The best seats (€39) are in the Gegengerade and outer sectors D and H in the Haupttribüne. There are €29 seats in the corners, the Kurve Nord-Ost and Kurve Süd-West, and €23 ones behind the Tribüne Süd goal beside the away sector. Standing tickets (€13) in the home end will be taken up, most certainly central block M. There’s a €2-€4 supplement for bigger matches.

what to buy

Shirts, kits, merchandise and gifts

At the FCA-Café (Mon-Fri 9.30am-7pm, Sat 10am-6pm), near the station at Bahnhofstraße 7, bright red, green and white merchandise includes egg cups, breakfast trays and tattoos. 

There’s also a Fan-Shop tent in front of the main entrance on match days.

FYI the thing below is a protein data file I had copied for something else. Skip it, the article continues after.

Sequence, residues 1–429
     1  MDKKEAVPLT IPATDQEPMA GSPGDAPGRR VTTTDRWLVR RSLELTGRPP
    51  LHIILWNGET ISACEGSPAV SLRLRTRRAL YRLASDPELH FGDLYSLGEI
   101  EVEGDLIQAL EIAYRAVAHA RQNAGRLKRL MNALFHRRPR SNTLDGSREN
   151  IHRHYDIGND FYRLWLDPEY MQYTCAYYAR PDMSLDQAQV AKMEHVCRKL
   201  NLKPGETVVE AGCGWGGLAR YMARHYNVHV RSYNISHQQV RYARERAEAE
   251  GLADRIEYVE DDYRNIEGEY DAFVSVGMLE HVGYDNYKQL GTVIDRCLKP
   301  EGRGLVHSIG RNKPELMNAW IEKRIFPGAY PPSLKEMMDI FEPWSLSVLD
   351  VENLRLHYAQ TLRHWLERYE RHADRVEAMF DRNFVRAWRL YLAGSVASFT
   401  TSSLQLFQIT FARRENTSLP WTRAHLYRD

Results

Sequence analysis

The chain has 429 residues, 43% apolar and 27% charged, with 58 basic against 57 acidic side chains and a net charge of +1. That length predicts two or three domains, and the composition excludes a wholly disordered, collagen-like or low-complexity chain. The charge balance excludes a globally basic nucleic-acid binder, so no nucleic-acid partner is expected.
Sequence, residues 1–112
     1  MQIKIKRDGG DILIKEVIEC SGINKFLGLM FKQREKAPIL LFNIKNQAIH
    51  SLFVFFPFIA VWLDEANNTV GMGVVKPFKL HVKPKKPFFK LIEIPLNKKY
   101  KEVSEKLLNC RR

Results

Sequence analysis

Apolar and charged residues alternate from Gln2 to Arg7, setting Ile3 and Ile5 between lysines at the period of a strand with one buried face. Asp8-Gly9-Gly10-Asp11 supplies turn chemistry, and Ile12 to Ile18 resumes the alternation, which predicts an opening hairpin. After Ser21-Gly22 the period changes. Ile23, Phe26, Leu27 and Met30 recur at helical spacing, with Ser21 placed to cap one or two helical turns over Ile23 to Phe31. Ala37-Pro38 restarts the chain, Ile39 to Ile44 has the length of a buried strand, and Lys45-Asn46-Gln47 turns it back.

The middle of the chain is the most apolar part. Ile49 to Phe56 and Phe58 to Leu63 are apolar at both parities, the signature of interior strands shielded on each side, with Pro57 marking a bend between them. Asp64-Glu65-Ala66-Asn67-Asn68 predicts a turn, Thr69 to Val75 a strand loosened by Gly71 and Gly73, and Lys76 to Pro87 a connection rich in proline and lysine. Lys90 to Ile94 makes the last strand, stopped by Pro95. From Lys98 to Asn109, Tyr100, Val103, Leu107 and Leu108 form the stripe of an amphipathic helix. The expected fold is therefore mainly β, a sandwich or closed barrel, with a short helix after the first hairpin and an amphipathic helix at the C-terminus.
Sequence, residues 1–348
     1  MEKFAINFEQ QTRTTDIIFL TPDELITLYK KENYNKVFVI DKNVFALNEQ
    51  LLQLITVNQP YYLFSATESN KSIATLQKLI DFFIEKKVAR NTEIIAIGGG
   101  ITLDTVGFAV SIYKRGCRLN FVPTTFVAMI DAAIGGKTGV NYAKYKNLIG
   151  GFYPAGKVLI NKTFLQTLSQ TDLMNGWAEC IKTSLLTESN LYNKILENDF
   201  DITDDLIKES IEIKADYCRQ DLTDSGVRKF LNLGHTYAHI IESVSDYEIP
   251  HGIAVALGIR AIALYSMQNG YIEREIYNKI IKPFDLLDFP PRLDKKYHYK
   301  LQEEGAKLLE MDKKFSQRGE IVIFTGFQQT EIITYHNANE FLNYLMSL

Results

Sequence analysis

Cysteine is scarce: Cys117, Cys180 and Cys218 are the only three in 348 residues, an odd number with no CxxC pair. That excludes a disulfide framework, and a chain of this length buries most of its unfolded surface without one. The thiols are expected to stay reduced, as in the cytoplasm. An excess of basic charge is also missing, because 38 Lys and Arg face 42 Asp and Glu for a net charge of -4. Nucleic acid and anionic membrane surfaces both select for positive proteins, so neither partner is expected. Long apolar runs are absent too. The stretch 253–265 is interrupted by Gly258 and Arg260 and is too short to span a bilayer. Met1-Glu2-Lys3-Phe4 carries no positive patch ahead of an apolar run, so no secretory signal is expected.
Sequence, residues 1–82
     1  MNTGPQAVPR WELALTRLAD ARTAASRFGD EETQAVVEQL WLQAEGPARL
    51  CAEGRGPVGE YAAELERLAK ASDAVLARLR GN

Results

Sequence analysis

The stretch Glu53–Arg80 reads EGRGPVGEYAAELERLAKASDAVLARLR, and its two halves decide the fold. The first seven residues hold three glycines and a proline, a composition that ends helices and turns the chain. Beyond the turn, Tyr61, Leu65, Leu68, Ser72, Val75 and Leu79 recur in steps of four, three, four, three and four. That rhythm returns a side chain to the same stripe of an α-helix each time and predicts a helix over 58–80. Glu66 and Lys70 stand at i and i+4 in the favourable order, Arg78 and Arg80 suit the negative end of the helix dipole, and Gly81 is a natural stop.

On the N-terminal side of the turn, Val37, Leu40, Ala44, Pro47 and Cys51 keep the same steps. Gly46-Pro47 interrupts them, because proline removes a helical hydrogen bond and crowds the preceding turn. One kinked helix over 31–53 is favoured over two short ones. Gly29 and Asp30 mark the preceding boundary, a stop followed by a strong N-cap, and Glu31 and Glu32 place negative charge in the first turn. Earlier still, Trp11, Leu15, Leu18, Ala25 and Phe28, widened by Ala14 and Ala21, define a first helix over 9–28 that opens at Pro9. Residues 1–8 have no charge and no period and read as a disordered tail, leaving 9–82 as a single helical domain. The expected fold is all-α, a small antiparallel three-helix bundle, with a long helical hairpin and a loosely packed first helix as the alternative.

Stadium tours

Explore the stadium inside and out

Sixty-minute stadium tours (€5) can be organised upon request – send an email to

Where to Drink

Pre-match beers for fans and casual visitors

The only bars at or around the stadium are in the Business Club, where you’ll find the LEW Sportsbar also open to screen away games and big European matches. Payment at stadium kiosks is with the cash-free FCA-Card available all round the ground. There’s no real bar en route to the ground either.

Some fans sink a bottled beer at the age-old Rotes Tor kiosk by the transport hub of the same name, at the south-eastern edge of the city centre, an easy hop onto the No.13 tram afterwards. Note that the FCA-Café on Bahnhofstraße isn’t really a café – more a club shop and ticket office with a self-service coffee machine at the back.